The applications of forensic science may have been around for nearly two hundred years but the biggest advancements in the field have only come into popularity over the past several decades. And among all the advancements in forensic science, DNA has become a key investigatory tool. The study of DNA has helped to improve life as we know it in so many ways: ancestry, criminal defense, paternity, and it has even helped us to better understand chronic disease.
But now scientists are saying that protein analysis could be an even more effective way to conduct genetic testing than previous forms. It used to be that you would need a large amount of cells to extract a DNA sample, but now it seems that we can rely on smaller and smaller samples. In fact, the most cutting-edge DNA testing suggests that we need only draw very tiny traces or even mixtures of genetic material from different people can identify DNA in fewer cells than ever.
Brad Hart is the director of the national laboratory’s Forensic Science Center. As a study co-author, he says, “We are in a very similar place with protein-based identification to where DNA profiling was during the early days of its development. This method will be a game-changer for forensics,” cautioning that many steps remain before it is validated.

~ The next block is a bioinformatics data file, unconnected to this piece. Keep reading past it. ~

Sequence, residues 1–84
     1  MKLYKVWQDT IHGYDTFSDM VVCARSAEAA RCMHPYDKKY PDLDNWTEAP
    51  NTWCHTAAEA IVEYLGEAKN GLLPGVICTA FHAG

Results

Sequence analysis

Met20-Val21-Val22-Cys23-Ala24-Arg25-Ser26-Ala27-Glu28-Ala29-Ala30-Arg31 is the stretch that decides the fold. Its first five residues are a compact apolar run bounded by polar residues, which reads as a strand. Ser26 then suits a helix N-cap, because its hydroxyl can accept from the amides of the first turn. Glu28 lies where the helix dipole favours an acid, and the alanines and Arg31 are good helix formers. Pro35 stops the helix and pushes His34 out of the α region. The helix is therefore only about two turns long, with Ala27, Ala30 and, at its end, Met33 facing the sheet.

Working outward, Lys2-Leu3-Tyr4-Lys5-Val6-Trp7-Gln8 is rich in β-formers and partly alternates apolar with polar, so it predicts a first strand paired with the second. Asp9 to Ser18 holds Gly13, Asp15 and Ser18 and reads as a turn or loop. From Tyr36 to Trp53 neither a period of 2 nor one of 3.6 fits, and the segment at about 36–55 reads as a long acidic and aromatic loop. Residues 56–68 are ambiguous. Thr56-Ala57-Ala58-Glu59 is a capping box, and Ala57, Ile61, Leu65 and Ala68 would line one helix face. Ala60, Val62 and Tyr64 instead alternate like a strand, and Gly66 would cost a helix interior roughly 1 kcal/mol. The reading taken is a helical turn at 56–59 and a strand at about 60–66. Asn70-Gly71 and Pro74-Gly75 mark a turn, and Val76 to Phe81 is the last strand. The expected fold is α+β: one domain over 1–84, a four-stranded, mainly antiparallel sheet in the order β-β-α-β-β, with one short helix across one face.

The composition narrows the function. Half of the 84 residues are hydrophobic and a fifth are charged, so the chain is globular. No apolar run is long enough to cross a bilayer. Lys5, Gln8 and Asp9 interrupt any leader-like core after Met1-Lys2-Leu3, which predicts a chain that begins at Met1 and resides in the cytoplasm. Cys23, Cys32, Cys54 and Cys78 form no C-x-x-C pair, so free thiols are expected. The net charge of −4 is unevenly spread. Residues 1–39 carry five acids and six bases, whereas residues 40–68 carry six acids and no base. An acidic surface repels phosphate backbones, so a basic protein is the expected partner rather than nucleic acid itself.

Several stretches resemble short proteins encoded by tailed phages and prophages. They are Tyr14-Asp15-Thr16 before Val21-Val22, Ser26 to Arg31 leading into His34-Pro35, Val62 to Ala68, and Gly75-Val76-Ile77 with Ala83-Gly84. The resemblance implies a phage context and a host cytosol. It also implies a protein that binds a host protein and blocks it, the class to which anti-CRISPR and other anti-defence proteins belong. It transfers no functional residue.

According to the Innocence Project director of science and research, Glinda S. Cooper, protein analysis will be able to complement traditional DNA testing within the next 5 to 10 years. The advocate for prisoners seeking exoneration through DNA testing goes on to say, that this is “a complementary but separate method than we currently have to correctly identify or to exclude the right person involved in a crime.”
Of course, we just need more time to develop the method. Development will require great scrutiny and long-term testing to examine things like variability in populations and how to measure ranges within subgroups and various regions.
In this study, the researchers found that male and female hair samples from 66 European Americans, 5 African Americans, 5 Kenyans, and 6 human remains (from cemeteries in Greater London dated between the 1750s and the 1850s) have identified 185 protein markers.
These protein markers can be, then, the basis for this genetic study. Questions, still remain, of course—like why protein markers in hair can vary even between identical twins who have matching DNA profiles, or if diet or environment can effect changes in these protein markers over time.